In recent years, technological innovations in communication networks, computing applications and information modelling have been increasing significantly in complexity and functionality driven by the needs of the modern world. As large-scale networks are becoming more complex and difficult to manage, traditional network management paradigms struggle to cope with traffic bottlenecks of the traditional switch and routing based networking deployments. Recently, there has been a growing movement led by both industry and academia aiming to develop mechanisms to reach a management paradigm that separates the control plane from the data plane.
A new emerging network management paradigm called Software-Defined Networking (SDN) is an attempt to overcome the bottlenecks of traditional data networks. SDN offers a great potential to ease network management, and the OpenFlow protocol in particularly often referred to a radical new idea in networking. SDN adopts the concept of programmable networks which separate the control decisions from forwarding hardware and thus enabling the creation of a standardised programming interface. Flow computation is managed by a centralised controller with the switches only performing simple forwarding functions. This allows researchers to implement their protocols and algorithms to control data packets without impacting on the production network. Therefore, the emerging OpenFlow technology provides more flexible control of networks infrastructure, are cost effective, open and programmable components of network architecture.
SDN is very efficient at moving the computational load away from the forwarding plane and into a centralised controller, but a physically centralised controller can represent a single point of failure for the entire network. This centralisation approach brings optimality, however, it creates additional problems of its own including single-domain restriction, scalability, robustness and the ability for switches to adapt well to changes in local environments.
This research aims at developing a new distributed active information model (DAIM) to allow programmability of network elements and local decision-making processes that will essentially contribute to complex distributed networks. DAIM offers adaptation algorithms embedded with intelligent information objects to be applied to such complex systems. By applying the DAIM model and these adaptation algorithms, managing complex systems in any distributed network environment can become scalable, adaptable and robust. The DAIM model is integrated into the SDN architecture at the level of switches to provide a logically distributed control plane that can manage the flow setups. The proposal moves the computational load to the switches, which allows them to adapt dynamically according to real-time demands and needs. The DAIM model can enhance information objects and network devices to make their local decisions through its active performance, and thus significantly reduce the workload of a centralised SDN/OpenFlow controller.
In addition to the introduction (Chapter 1) and the comprehensive literature reviews (Chapter 2), the first part of this dissertation (Chapter 3) presents the theoretical foundation for the rest of the dissertation. This foundation is comprised of the logically distributed control plane for SDN networks, an efficient DAIM model framework inspired by the O:MIB and hybrid O:XML semantics, as well as the necessary architecture to aggregate the distribution of network information. The details of the DAIM model including design, structure and packet forwarding process are also described.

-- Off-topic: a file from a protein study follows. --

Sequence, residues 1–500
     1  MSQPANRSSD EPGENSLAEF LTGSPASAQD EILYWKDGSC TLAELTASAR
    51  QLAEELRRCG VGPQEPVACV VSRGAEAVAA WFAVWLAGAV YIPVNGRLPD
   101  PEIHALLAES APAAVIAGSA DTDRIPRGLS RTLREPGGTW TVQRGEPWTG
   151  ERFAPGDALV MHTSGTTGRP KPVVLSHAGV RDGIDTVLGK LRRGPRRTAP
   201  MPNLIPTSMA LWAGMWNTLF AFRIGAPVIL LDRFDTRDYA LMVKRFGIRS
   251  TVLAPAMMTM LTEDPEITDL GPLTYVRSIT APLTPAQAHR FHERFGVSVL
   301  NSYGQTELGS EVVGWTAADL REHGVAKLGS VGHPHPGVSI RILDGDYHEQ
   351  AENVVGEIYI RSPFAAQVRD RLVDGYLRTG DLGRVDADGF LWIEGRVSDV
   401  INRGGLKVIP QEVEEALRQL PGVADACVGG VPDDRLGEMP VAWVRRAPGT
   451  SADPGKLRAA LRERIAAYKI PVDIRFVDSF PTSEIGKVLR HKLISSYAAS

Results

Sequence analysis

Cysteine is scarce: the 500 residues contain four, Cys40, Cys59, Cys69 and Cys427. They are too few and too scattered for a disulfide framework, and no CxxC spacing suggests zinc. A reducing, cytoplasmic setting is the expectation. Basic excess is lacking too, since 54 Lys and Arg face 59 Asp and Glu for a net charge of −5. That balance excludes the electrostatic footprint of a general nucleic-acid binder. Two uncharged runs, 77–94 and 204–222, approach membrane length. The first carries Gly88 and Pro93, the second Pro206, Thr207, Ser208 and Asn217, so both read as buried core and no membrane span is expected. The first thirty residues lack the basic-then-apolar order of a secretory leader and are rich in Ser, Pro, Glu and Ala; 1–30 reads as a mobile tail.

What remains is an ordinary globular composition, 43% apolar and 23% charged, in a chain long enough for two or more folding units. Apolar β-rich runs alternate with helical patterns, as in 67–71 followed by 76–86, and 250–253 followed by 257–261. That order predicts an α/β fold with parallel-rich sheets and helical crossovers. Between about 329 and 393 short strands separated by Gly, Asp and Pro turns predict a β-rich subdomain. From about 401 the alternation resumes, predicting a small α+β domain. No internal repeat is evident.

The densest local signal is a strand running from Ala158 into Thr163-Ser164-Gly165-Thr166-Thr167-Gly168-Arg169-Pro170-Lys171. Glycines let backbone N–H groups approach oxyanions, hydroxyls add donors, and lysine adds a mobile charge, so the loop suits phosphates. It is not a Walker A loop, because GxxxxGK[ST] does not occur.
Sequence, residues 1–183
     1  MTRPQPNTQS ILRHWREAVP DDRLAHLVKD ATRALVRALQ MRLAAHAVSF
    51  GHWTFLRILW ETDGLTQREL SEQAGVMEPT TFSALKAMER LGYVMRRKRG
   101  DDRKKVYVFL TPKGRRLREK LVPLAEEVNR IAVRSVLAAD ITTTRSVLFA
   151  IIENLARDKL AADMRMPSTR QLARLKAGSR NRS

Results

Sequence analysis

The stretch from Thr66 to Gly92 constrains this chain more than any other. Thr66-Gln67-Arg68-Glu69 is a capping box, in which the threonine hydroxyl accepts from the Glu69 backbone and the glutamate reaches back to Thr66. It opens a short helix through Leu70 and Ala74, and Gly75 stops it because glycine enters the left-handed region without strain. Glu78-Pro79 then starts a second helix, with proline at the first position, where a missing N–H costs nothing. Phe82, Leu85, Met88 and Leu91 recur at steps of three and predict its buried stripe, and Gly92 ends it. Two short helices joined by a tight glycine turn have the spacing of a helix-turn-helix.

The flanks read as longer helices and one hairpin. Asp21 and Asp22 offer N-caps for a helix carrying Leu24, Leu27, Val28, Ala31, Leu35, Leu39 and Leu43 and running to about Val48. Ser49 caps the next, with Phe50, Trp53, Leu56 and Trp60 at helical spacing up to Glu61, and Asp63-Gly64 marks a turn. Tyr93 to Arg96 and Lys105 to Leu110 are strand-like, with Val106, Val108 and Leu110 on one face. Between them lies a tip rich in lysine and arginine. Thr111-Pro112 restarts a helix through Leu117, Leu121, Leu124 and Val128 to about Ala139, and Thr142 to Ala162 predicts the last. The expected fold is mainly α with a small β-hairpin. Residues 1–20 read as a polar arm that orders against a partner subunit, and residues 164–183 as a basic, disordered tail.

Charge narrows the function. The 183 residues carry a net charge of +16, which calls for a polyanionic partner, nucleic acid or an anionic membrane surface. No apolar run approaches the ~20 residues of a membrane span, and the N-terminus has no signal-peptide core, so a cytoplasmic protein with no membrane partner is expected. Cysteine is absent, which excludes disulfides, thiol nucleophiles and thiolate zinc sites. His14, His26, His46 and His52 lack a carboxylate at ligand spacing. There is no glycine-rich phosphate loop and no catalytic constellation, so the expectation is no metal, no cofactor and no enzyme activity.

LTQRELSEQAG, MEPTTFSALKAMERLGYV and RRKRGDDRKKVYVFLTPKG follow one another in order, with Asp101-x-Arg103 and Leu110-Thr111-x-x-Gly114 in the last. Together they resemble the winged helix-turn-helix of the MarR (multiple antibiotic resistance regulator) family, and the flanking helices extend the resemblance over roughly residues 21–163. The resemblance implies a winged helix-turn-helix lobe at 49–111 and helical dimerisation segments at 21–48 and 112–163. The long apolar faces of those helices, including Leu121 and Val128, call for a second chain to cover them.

The DAIM software specification and its implementation are demonstrated in the second part of the thesis (Chapter 4). The DAIM model is developed in the C++ programming language using free and open source NetBeans IDE. In more detail, the three core modules that construct the DAIM ecosystem are discussed with some sample code reviews and flowchart diagrams of the implemented algorithms. To show DAIM’s feasibility, a small-size OpenFlow lab based on Raspberry Pi’s has been set up physically to check the compliance of the system with its purpose and functions. Various tasks and scenarios are demonstrated to verify the functionalities of DAIM such as executing a ping command, streaming media and transferring files between hosts. These scenarios are created based on OpenVswitch in a virtualised network using Mininet.
The third part (Chapter 5) presents the performance evaluation of the DAIM model, which is defined by four characteristics: round-trip-time, throughput, latency and bandwidth. The ping command is used to measure the mean RTT between two IP hosts. The flow setup throughput and latency of the DAIM controller are measured by using Cbench. Also, Iperf is the tool used to measure the available bandwidth of the network. The performance of the distributed DAIM model has been tested and good results are reported when compared with current OpenFlow controllers including NOX, POX and NOX-MT. The comparisons reveal that DAIM can outperform both NOX and POX controllers. The DAIM’s performance in a physical OpenFlow test lab and other parameters that can affect the performance evaluation are also discussed.
Because decentralisation is an essential element of autonomic systems, building a distributed computing environment by DAIM can consequently enable the development of autonomic management strategies. The experiment results show the DAIM model can be one of the architectural approaches to creating the autonomic service management for SDN. The DAIM model can be utilised to investigate the functionalities required by the autonomic networking within the ACNs community. This efficient DAIM model can be further applied to enable adaptability and autonomy to other distributed networks such as WSNs, P2P and Ad-Hoc sensor networks.